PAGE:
SMEs more likely to adopt cyber insurance – study

SMEs more likely to adopt cyber insurance – study | Insurance Business

SMEs more likely to adopt cyber insurance – study

Small to medium-sized enterprises are more likely to adopt cyber insurance than large companies, according to a new survey by Cowbell Cyber.

The survey was an extension of “Driving Cybersecurity Performance”, a study published by ESI Thoughtlab. It specifically extracted data for cyber insurance buying intentions, drivers, satisfaction, limits, and disparities between SMEs – defined in the survey as having less than $1 billion in revenue – and larger companies.

According to the ESI Thoughtlab report, 65% of SMEs are planning to spend more on cyber insurance as part of their cyber resilience plan in the next two years, compared to only 58% of large companies. The report also found that 71% of SMEs had a cyber coverage limit lower than $1 million and lower than total past or estimated future costs of a cyberattack. The life sciences, healthcare, retail/hospitality, and telecom industries were severely under-covered and had the largest gap between limits and expected losses, according to Cowbell Cyber.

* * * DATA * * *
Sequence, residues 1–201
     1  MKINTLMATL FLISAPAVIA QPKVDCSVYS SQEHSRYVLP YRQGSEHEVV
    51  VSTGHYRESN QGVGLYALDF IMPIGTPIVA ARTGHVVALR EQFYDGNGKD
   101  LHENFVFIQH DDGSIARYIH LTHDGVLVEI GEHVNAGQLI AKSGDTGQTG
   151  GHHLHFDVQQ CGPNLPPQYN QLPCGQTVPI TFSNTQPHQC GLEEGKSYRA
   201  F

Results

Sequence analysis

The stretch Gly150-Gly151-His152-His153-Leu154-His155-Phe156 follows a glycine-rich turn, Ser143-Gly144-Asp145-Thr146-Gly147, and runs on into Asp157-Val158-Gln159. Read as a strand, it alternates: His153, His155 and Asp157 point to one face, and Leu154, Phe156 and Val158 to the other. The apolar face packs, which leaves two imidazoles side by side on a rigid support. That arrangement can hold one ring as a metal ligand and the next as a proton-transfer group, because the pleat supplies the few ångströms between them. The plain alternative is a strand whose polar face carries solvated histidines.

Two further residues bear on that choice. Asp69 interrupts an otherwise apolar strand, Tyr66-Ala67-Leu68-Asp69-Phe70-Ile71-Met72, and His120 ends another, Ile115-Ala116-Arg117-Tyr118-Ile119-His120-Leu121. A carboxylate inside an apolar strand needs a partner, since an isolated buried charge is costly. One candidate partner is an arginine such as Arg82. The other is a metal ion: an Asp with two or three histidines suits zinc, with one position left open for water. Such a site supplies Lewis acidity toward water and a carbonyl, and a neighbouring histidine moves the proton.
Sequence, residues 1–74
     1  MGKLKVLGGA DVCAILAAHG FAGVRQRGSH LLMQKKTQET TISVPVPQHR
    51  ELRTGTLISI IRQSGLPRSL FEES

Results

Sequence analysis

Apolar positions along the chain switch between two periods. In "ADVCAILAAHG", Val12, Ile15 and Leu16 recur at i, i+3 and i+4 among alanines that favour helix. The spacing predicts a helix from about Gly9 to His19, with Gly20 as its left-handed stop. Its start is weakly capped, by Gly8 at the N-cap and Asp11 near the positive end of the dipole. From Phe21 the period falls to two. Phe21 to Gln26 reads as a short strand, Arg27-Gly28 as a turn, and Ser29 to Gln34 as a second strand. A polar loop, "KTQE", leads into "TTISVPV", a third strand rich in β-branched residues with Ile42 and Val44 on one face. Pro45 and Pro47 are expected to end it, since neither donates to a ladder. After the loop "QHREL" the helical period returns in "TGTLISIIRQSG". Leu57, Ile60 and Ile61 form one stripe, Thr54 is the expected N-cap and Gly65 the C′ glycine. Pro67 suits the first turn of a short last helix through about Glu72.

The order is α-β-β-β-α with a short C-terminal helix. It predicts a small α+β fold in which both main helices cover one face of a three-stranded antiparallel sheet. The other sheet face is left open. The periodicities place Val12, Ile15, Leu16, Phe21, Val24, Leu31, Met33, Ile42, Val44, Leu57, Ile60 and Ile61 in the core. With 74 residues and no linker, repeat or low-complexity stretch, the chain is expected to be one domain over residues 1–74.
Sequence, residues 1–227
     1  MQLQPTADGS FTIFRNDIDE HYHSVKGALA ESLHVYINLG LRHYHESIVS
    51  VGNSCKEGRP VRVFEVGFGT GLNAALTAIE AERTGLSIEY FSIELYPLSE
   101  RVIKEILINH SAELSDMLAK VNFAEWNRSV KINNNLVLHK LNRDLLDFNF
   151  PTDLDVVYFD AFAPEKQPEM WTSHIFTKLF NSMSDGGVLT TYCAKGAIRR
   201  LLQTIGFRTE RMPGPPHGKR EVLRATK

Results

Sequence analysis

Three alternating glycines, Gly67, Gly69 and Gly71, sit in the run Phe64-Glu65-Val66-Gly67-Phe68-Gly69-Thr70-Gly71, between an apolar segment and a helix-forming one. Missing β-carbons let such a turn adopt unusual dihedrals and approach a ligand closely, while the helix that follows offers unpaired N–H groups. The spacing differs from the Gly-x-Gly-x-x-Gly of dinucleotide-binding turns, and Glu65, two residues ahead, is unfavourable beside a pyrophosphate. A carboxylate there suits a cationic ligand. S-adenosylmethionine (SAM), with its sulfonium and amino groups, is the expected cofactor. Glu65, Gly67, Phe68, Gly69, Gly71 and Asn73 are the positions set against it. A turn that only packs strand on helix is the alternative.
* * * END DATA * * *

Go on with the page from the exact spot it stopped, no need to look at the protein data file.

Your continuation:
“Cyber breaches are no longer an ‘if’ scenario but rather a ‘when’ scenario,” said Isabelle Dumont, vice president of market engagement at Cowbell Cyber. “Our analysis of the survey results show that cyber insurance is becoming increasingly popular for SME organizations that want to protect their assets and accelerate the response and recovery process in the aftermath of a cyber incident. Cyber insurance is now a necessity and not a luxury for organizations.”

Other findings include:

  • SMEs and large businesses both placed their likelihood of experiencing a breach over the next year at 45%.
  • 62% of SMEs in the early stages of cybersecurity maturity believe that cyber insurance is well worth the cost. Only 13% said cyber coverage wasn’t worth the protection it provides.
  • On average, organizations get cyber insurance coverage limits of about 0.14% of revenue.
  • Cyberattacks employing password and credential reuse cause the greatest losses currently and pose the greatest risk over the next two years.
  • Multifactor authentication is significantly underused in SMEs (18%) compared to large businesses (43%).
  • 55% of SMEs pointed to employee-owned end-user devices as the highest risk in two years.